Thoughts from an active pensioner who is now somewhat past his Biblical "Use-by date"

"Why just be difficult, when with a little more effort you can be bloody impossible?"



Sunday, 13 November 2011

World War One and my Father

Every Remembrance Sunday, my thoughts always turn towards the First World War rather than more recent wars. There were of course more British fatalities in this war than there have been in all the subsequent conflicts, and it was after this war that the tradition of the Remembrance Sunday
was borrn. Then my thoughts always seem to turn to my father, born in 1899, who served in the closing stages of the war. He never spoke about his experiences, all I know was that he was in the Machine Gun Corps and for a period in the trenches he was attached to a regiment of Australians for whom he had great respect.

After the war, he qualified as a accountant and, presumably because he spoke German as his father was Swiss, he secured a job with the Bayer Products, the British subsidiary of the giant Bayer chemical company. He, and my mother, went to Germany numerous times in the late twenties and thirties and on one occasion he visited Hitler's retreat at Berchtesgaden, I don't know if he actually met Hitler!

What he did do during this period was to develop a deep contempt for all our politicians and particularly the pacifists who were pushing disarmament. The only exception was Churchill, who at that time was "out in the cold" for advocating rearmament. As my father frequently told me, in his later years, if you had travelled around Germany at that time as he did, you would have seen all the signs of a country preparing for war. They were devoting massive amounts of effort and money into building the autobahns, far more than could possibly be justified by the number of vehicles using them.
But it seems that most of our politicians of that time were totally blind to what the didn't want to see; Churchill was the main exception and because of this was branded a warmonger. In his memoirs, Churchill frequently refers to "information that I have received from Germany" and similar phrases. I like to think that my father was possibly one of those supplying information, although it seems unlikely.
I do know, at the start of the war when the government asked anyone who had any recent photographs taken in Germany to forward them to the War Office, my father supplied a considerable number. I don't know if this was amongst them, my parents are in the second row, just behind the arrowed girl in the white dress.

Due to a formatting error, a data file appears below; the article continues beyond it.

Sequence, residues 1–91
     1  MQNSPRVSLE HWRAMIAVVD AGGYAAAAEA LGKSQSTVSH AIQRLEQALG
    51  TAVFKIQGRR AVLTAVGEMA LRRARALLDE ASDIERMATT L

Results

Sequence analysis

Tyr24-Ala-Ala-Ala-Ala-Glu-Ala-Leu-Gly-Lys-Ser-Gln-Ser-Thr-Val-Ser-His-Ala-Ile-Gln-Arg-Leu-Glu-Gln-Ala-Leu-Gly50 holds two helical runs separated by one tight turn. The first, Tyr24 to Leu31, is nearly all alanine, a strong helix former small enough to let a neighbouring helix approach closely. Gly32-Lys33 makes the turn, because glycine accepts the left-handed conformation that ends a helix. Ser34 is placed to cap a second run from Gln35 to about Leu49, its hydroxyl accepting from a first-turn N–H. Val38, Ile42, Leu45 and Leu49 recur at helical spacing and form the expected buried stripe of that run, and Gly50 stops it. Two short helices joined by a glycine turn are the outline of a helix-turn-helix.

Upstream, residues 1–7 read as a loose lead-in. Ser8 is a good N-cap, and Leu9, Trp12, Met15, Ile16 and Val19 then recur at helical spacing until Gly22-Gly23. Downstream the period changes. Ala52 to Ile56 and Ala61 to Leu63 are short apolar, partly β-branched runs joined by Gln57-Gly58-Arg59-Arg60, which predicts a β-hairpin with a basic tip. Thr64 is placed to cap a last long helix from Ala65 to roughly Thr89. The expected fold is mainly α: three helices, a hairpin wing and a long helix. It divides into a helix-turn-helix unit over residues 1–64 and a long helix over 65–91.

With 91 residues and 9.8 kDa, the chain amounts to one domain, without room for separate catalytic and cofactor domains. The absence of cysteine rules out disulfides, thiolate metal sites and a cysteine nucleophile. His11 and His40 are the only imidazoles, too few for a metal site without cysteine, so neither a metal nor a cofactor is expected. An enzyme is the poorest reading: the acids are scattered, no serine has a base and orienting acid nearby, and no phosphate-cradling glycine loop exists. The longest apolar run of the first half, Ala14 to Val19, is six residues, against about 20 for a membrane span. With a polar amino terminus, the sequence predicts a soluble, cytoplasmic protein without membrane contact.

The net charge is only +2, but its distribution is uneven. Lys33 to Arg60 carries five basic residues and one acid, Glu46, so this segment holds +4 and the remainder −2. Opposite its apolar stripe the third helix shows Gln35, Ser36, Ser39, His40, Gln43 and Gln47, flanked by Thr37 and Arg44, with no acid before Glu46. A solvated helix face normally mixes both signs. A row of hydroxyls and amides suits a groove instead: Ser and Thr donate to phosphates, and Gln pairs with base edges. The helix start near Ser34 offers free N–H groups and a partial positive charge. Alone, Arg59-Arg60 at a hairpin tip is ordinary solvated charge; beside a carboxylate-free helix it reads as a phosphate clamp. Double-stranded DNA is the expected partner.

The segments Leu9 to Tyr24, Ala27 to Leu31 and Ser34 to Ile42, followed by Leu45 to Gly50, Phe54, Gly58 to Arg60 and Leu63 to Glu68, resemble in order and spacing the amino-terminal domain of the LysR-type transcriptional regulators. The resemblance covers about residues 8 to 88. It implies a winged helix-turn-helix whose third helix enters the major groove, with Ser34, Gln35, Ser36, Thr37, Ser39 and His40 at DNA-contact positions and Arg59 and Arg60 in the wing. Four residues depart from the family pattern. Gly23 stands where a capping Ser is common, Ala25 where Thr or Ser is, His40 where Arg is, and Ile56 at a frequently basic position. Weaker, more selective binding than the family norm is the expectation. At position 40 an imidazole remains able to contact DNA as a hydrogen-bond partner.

BAD NEUENAHR, GERMANY 17.7.35

What would my father think of our politicians today?
Like those of the thirties, most of them seem to prefer to ignore reality. They have taken us into an unwinnable war in Afghanistan and prefer to ignore the realities of what is happening in Europe. They have reduced our military to such an extent that they couldn't possibly defend the Falklands, let alone this country. They refuse to accept that we now have an enemy within due to mass immigration or that Germany remains a threat to Europe, using money this time rather than tanks. And more to the point, if they turn out to be wrong, like Chamberlain, where is the latter day "Churchill" to take over?
Is it any surprise that I, like my father before me, hold the majority of our politicians of all parties in total contempt?
- - o o O o o - -

As a side issue, if there is anyone reading this who has any contacts in Switzerland who might be able to help me find more about my grandfather, Johan Sch├╝tz, whom according to the 1911 census was born in Fribourg, Switzerland around 1865, please contact me.

2 comments:

  1. My grandfather hated Churchill. "He sent 50,0000
    men to their deaths," he would say. My grandfather was at Gallipoli or the Dardanells as he called it,the reason being he was an able seaman.
    While he was manning a boat landing troops he was wounded in the leg. He laid on the beach for three days.He saw the sea change from blue to red, such was the slaughter.
    The bullet remained in his leg for the rest of his life. The surgeons were unable to remove it.
    The Great War was truly horrific.

    ReplyDelete
  2. Oops... Fifty thousand

    ReplyDelete